That’s When Things Got Weird
Back at Lois Lane’s apartment, Superbaby asks Lois for a cookie from her jar. She berates Superbaby for being “bad”, even though everything that went wrong was all because of her stupid idea.
Now, Superbaby takes Lois’ commands literally and punches his fist through the jar to get at the cookies. What happens next is well….
Lois takes the baby back to the orphanage and berates him the whole way. Suddenly, Superman returns from the past sending Superbaby back home. As it turns out, Superman needed to go back and switch out his indestructible Kryptonian baby booties from his file so nobody would find out he was really Superman.
Now, let’s just back up here for a second: It’s already pretty well established that Lois Lane is in love with Superman. Despite this, when she suddenly finds herself with the Man of Steel’s younger self her first idea is to exploit the baby for her own personal gain. Then she spends her whole time berating and putting down said baby when he doesn’t follow her orders, which are all horrible.
What makes this all the more disturbing is the fact that this is probably how she’d treat any baby including her own. Gee, Lois, do you think maybe Superman doesn’t want to be in a relationship because he has horrific childhood memories of you using and abusing him?
Hey, if this didn’t get weird enough for you this next one’s a real kicker…
The Amazing Superman Junior
From Superman’s Girlfriend, Lois Lane #6
In this story, Lois Lane wants to get the scoop on a new rocket that can travel the speed of light. However, the scientist who invented it doesn’t want anyone near it until his tests are complete. Lois then fakes sun stroke and the only shady place they can put her is… you guessed it, on the rocket.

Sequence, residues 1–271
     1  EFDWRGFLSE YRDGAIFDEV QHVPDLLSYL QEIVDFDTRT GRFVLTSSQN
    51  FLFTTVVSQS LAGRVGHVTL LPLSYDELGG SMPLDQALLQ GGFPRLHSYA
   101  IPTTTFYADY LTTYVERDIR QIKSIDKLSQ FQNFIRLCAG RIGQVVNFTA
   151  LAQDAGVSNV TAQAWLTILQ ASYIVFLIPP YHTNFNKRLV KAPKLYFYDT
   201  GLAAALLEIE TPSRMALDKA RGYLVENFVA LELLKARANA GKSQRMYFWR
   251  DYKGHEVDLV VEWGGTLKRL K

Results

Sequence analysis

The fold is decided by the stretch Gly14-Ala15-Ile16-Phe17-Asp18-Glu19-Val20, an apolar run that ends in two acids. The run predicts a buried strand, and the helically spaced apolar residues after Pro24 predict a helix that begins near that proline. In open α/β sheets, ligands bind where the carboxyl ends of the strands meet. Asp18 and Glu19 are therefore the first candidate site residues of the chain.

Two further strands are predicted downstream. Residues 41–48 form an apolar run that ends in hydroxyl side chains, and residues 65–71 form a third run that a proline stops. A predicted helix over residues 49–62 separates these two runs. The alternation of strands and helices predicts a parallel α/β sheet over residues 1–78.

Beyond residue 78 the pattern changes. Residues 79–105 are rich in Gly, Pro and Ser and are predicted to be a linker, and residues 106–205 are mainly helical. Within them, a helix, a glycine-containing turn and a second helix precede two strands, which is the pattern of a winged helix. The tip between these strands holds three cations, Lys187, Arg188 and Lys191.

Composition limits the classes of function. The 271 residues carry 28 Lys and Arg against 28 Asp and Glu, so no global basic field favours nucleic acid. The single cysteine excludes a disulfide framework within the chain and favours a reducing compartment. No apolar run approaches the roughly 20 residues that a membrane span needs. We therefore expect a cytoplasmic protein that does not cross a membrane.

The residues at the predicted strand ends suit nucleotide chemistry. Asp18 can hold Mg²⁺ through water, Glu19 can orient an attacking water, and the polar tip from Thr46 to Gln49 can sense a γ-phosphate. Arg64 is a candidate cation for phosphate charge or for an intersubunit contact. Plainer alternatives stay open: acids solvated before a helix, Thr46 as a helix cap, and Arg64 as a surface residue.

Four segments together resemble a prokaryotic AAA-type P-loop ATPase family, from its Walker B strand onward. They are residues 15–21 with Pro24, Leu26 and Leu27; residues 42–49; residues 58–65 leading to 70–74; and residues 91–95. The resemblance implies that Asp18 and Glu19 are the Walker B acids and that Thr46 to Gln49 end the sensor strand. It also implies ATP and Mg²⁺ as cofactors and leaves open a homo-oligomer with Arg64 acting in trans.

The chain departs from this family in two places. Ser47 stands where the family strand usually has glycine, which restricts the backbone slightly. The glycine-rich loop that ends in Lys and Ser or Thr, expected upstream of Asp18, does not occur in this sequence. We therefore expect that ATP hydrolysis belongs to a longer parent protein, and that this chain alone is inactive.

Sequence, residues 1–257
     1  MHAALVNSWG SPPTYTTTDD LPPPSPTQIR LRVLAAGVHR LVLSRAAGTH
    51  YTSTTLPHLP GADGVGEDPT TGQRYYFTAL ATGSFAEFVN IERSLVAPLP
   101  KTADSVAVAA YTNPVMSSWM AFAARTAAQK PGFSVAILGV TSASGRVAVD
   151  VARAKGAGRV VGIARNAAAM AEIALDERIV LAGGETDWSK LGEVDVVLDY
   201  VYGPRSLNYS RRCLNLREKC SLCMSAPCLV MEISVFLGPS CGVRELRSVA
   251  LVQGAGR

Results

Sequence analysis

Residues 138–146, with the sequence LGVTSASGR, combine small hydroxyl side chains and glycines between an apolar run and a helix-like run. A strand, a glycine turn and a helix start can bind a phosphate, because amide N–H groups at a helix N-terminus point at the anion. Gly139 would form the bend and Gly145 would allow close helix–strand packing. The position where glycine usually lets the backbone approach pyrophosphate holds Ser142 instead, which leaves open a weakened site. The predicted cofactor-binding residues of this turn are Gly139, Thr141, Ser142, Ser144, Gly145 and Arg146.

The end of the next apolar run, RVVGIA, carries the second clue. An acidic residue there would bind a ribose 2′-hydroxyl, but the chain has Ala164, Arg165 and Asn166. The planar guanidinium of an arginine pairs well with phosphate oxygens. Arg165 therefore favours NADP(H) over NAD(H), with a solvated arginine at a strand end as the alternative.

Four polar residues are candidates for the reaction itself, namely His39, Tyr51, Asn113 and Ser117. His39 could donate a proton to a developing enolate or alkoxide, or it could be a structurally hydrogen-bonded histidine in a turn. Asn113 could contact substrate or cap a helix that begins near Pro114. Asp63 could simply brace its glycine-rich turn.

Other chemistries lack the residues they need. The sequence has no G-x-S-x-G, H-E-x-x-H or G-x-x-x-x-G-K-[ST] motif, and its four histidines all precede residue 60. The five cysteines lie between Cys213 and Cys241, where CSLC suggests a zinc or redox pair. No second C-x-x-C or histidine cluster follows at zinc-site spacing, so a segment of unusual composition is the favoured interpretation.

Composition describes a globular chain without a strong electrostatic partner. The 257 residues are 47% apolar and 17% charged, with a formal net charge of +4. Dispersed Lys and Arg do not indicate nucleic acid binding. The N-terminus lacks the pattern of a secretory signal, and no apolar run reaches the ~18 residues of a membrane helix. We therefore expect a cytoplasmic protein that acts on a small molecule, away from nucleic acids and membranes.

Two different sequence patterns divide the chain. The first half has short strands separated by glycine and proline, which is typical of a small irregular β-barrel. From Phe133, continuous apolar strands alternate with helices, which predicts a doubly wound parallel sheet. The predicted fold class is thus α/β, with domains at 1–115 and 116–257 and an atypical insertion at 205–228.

Superman learns about this and decides to teach Lois a lesson about tricking people into giving her what she wants. They launch the rocket and make it look like Lois returned to Earth some 100 years into the future. The writers probably researched the concept of time dilation from a cocktail napkin for this plot device. To help with this plan, Superman also gets the help of Batman’s boy sidekick Robin, because reasons.
That’s When It Gets Weird, and Somewhat Inappropriate
Suddenly, some guy called Superman Junior shows up, he claims to be Superman’s son. Lois is upset that Superman apparently got married and had a kid with someone else. However, this lasts only about a panel because she immediately starts romancing Superman Junior. Worse, Superman Junior is totally into it.
Again, let’s back this up here for a second: Lois Lane is in love with Superman, apparently. Yet, when faced with the fact that he is now an old man and he has a son, she immediately latches onto his son. Sure, they’re physically similar in age, but come on, there’s nothing right about any of this.
The Plot Twist is Creepier
As it turns out, Lois Lane figured out early on that this was one of Superman’s trademark hoaxes. So she decided to turn things around on Superman. See, Superman Junior was actually Robin the Boy Wonder. Wait, what? How did Robin acquire powers like Superman? Well the explanation is so stupid, I’ll just post an image and let you drink it in:
How did Lois Lane force Robin into turning the prank around on Superman? Lois threatened to figure out Robin’s secret identity. How would she do that? Well, apparently she keeps the fingerprints of six different boys in her purse.
Until this story, the youngest person Lois Lane regularly hung out with was Jimmy Olsen. Suddenly, we find out that she has been hanging out with six young boys long enough to get carbon copies of their fingerprints!
I…. I… Wow… Just wow…
Okay, I need to take a break from this. We’ll be back with more moments of Lois Lane insanity soon. But before we close, you are probably wondering what type of person actually read these insane comics. Glad you asked. Here’s one of the letter DC Comics published in the back of a Lois Lane comic book: